Giving back by supporting farmers in your community and eating seasonally can boost your local economy. I’ve become quite enamored with a local company in the Charleston area called Vertical Roots. According to their website: 

Vertical Roots is dedicated to bringing farm-fresh, hyper-local, and pesticide-free produce right into the communities we serve. In the process, we aim to build a sustainable future for agriculture and sustainable jobs for farmers

Aside from doing great things by providing quality seasonal foods to the Charleston area, Vertical Roots is also creating jobs. It’s truly a win-win situation for all.  

One of my favorite things in the world is a good farm share. Community-supported agriculture (CSA) connects farmers with community members. As a customer of a CSA, you subscribe either weekly or seasonally (depending on your local farmer) and receive regular allotments of that week’s crop. It’s a great way to eat seasonally, support your local farmer and try new foods and experimenting with recipes.  

Find a CSA or Farm Share Near You

Did you know that the USDA provides a list of CSAs and farms throughout the country that offer consumers the delivery of locally-grown products? You can access a list of CSAs and farm shares in the US here. While this is not an exhaustive list, it’s a great start. There are countless ways to find local produce for you to eat seasonally. When you choose to eat seasonally, you can get creative and try something you may have never encountered before.

Last Summer when one of our local shares, the Twenty Bag, included shishito peppers in the weekly share, I was able to break out of a cooking rut and try something different. I discovered the amazingness that is a blistered shishito pepper! That’s not something I ever would have tried of, nor thought of making before. Thanks to my weekly farm share though, I found a new favorite, healthful snack.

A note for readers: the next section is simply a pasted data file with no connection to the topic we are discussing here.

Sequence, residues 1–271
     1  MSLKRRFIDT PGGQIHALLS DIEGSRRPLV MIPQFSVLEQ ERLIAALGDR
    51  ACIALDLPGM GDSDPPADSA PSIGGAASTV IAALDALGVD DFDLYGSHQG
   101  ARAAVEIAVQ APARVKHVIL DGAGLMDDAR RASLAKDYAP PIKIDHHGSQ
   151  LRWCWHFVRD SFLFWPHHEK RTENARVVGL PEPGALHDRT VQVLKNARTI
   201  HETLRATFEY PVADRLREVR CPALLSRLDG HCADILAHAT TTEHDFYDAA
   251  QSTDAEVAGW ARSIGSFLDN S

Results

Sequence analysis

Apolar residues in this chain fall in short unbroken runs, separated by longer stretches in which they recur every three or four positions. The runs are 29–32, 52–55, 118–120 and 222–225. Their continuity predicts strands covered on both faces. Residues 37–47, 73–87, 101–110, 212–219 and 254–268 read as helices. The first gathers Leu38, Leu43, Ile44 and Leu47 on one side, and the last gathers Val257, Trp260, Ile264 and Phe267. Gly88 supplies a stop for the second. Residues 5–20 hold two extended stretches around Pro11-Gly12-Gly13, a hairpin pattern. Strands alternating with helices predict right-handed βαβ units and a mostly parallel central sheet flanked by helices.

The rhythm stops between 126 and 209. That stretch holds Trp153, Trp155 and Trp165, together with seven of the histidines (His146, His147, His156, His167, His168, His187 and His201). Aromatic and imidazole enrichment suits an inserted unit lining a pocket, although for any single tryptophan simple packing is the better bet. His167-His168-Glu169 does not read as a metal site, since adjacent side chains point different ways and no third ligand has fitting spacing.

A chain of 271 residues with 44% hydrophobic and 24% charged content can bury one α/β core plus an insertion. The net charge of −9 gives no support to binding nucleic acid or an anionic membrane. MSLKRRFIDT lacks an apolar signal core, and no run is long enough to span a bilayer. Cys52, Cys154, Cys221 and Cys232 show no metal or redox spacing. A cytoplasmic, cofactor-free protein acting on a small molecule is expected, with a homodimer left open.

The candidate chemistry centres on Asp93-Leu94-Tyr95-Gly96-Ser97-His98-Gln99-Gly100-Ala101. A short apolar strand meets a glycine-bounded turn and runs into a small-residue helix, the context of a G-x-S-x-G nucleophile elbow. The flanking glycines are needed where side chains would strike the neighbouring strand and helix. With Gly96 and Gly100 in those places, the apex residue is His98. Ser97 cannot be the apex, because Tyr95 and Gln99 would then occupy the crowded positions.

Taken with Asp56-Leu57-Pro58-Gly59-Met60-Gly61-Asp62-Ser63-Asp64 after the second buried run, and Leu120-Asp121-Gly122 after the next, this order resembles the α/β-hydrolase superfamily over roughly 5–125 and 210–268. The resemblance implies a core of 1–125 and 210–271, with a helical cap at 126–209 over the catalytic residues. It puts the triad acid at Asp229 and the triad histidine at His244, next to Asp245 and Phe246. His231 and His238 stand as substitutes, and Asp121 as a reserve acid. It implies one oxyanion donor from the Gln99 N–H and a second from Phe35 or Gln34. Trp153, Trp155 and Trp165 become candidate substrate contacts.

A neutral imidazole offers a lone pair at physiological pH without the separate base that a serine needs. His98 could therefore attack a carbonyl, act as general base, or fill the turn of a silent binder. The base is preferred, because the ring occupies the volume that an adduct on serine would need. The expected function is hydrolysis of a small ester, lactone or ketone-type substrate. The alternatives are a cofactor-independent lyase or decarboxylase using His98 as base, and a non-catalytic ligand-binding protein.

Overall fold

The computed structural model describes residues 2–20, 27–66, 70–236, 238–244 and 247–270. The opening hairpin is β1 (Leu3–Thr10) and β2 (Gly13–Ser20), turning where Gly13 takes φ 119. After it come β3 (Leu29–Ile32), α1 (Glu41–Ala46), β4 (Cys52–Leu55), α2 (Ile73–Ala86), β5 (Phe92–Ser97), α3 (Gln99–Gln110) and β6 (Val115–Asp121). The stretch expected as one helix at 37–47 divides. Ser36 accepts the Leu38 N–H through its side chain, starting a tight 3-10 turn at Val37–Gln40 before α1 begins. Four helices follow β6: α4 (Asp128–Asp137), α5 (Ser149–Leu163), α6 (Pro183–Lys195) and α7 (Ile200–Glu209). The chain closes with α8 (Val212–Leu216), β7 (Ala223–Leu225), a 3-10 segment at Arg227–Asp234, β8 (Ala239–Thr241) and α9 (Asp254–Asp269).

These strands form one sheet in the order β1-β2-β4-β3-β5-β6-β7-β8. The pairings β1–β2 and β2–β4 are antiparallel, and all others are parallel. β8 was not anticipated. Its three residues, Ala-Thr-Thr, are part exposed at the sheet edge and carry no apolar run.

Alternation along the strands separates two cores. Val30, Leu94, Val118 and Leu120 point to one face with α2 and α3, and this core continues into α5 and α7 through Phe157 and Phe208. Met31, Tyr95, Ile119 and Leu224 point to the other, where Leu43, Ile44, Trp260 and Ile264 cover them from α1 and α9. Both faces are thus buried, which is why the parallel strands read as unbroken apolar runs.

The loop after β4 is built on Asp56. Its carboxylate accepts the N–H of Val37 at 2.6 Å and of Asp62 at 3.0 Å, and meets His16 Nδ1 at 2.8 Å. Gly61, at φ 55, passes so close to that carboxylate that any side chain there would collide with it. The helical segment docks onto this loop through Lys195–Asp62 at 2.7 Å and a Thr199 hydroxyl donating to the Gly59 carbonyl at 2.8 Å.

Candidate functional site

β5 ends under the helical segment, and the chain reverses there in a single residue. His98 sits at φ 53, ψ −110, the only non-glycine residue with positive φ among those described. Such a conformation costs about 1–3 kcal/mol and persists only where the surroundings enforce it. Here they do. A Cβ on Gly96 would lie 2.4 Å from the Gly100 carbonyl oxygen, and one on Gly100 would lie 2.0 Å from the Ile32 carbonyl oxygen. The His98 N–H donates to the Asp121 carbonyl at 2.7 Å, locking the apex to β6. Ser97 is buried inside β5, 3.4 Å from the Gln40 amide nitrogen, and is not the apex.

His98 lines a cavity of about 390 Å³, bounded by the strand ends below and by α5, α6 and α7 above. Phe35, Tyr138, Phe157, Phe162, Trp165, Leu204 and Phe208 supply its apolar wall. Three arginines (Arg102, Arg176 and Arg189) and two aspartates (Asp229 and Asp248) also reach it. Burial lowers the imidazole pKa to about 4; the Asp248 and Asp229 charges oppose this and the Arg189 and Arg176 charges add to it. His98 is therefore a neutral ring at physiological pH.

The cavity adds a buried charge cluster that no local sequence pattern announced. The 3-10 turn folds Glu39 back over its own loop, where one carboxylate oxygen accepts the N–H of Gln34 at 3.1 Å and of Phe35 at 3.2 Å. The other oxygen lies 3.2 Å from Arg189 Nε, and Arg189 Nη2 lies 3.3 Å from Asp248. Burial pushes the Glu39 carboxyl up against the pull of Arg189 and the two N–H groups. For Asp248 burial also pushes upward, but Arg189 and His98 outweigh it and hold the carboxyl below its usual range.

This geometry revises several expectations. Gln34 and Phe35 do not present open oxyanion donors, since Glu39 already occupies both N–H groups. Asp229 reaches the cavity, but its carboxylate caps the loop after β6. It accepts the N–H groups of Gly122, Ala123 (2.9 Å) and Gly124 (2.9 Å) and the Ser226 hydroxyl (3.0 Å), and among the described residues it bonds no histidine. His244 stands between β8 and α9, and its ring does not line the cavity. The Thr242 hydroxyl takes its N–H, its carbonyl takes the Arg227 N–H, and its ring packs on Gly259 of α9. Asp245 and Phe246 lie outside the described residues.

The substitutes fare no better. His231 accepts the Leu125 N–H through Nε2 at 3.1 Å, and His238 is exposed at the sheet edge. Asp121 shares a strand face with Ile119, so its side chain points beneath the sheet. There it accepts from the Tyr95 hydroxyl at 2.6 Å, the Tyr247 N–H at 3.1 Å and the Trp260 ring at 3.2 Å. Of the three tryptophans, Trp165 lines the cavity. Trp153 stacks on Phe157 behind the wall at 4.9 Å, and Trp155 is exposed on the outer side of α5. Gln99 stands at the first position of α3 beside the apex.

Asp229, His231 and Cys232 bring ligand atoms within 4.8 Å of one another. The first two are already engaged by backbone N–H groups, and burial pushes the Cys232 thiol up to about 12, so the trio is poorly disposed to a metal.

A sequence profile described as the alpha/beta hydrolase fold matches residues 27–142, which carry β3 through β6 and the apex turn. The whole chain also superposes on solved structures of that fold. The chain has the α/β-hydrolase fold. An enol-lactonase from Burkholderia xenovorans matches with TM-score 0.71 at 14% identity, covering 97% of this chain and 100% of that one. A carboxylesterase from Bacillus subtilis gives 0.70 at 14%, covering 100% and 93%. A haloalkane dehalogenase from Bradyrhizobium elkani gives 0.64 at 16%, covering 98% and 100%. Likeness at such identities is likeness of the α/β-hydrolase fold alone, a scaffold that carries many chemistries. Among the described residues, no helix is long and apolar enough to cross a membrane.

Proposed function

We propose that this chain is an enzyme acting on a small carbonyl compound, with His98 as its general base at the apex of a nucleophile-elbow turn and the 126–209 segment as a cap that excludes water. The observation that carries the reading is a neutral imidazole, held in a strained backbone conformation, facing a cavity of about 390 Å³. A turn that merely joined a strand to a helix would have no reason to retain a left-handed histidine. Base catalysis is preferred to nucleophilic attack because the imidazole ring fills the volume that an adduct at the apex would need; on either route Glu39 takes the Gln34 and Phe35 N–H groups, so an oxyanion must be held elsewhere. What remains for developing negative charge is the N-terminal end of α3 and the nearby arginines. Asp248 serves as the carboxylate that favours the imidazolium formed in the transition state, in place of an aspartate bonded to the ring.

Winter Seasonal Foods Checklist 

We’ll periodically be updating this list as recipes are added. If you’ve ever wondered what food is in season in November vs what food might be in season in October, this list will be for you. Depending on where you live, some of these winter seasonal foods may or may not be in season. I like to rely on my local farmers, year-round farmers’ markets and CSAs to ensure I’m getting the freshest produce available that allows me to eat seasonally when I can. I love that I have the option of purchasing a variety of fruits and vegetables year-round but know that produce will look and taste its best when it comes from farmers in my own community. Eating seasonally does not have to be difficult, these recipes can help:

Acorn Squash 

Avocado

Bananas

Beets

Broccoli

Brussels Sprouts

Buttercup Squash

Butternut Squash

Cabbage

Carrots

Carnival Squash

Celery

Celeriac/celery root

Collard Greens

Delicata Squash

Fennel

Grapefruit

Kale

Leeks

Onions

Oranges

Parsnips

Pears

Potatoes

Pumpkins

Rutabagas

Sweet Potatoes

Spaghetti Squash

Turnips

Yams